The effect of duration of intravenous infusion on maximum and threshold blood concentrations for drugs exhibiting biexponential elimination kinetics Academic Article uri icon

abstract

  • The relationships among peak blood concentration (Cmax), the time (tD) during which blood concentrations are maintained above the minimum effective concentration (Cmin), and the duration of a constant-rate intravenous infusion (T) of a drug exhibiting biexponential pharmacokinetics were simulated by digital computer using Newton iterative procedures. These simulations showed that, in contrast with our previous findings for drugs with monoexponential pharmacokinetics, the relationships are more complex due to the larger number of variables. Therefore, investigation of these relationships for biexponential drugs should be done on a drug by drug basis. Accordingly, meperidine and sulfamethoxazole were chosen as examples of drugs which exhibit biexponential kinetics and were used to determine what errors were involved in using the simpler guidelines for drugs which exhibit monoexponential kinetics as an approximation. These simulations showed the following . (a) The effect of T on Cmax may be adequately estimated by using the guidelines for monoexponential kinetics with the elimination half-life (t1/2) taken as t1/2 lambda1, provided that lambda1 is 20 to 30 times lambda2 and that the AUC of the distribution phase (i.e., C1/lambda1) comprises greater than about 20% of the total AUC. (b) As with monoexponential drugs, it is possible to obtain a larger tD by infusing the dose compared to that obtained with a bolus, if the value of C(0)/Cmin less than 2.5. (c) Using th approximation of monoexponential pharmacokinetics to estimate the effect of T on tD will underestimate both tD and the maximum infusion time, which will just attain the Cmin unless the AUC of the distribution phase comprises only a very small proportion of the total AUC. (d) The simulations with meperidine also showed that the nature of the relationship between tD and T varies depending on whether Cmin is maintained in the distribution phase or in both the distribution and elimination phases.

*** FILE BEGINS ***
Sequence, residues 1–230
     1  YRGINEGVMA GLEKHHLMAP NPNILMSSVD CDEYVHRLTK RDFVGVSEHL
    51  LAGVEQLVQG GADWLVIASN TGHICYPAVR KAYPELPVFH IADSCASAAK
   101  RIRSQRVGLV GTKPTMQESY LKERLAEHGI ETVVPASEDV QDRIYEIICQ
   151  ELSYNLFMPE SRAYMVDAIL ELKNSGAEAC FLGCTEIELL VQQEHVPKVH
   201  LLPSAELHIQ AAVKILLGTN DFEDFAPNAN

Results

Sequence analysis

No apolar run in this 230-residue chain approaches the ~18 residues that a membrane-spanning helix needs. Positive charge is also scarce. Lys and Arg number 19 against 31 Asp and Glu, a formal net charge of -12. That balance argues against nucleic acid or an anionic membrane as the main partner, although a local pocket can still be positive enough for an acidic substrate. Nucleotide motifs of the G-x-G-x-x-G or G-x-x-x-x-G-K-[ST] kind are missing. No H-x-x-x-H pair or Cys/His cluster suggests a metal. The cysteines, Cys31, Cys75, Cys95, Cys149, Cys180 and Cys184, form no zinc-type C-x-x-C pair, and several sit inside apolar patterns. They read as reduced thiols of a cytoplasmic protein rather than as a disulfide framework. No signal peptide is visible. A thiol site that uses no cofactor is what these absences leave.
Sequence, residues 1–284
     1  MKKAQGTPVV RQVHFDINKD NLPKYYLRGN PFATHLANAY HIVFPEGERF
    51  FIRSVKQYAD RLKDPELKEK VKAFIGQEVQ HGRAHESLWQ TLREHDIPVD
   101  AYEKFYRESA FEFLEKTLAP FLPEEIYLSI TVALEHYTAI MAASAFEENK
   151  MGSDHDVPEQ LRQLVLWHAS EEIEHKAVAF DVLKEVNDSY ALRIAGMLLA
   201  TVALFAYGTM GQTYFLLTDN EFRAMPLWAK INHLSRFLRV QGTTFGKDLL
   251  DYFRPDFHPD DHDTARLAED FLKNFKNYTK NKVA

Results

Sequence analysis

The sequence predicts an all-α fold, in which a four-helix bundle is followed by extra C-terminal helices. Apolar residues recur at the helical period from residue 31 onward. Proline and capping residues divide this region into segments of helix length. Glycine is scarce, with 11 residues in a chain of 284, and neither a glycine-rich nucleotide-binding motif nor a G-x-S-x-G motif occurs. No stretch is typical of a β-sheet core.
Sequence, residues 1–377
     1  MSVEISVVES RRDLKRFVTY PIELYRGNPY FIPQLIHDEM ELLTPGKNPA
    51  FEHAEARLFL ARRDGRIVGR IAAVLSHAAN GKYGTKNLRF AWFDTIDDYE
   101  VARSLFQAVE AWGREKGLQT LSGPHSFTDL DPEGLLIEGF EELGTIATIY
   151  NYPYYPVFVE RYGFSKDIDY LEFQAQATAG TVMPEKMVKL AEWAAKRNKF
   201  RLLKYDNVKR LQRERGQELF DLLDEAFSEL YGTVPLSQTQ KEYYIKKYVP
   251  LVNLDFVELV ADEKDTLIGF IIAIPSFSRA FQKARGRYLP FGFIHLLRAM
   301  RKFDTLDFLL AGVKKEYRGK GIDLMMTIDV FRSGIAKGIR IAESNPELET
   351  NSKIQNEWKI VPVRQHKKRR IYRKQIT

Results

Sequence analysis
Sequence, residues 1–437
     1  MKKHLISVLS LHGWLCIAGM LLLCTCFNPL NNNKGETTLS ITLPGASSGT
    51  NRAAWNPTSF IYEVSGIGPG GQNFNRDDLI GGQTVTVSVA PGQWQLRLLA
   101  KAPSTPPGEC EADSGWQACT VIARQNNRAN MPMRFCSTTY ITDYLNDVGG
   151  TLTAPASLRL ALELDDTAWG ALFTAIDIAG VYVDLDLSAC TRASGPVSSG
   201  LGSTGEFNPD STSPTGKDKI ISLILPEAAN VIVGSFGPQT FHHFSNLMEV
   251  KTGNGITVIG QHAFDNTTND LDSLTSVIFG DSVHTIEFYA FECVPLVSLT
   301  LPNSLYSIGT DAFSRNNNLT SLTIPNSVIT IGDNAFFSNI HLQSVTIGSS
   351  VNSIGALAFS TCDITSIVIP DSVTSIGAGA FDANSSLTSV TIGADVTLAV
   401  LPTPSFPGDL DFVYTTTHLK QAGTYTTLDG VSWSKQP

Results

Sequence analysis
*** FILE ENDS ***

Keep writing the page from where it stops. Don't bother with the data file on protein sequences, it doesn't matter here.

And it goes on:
publication date

  • February 1982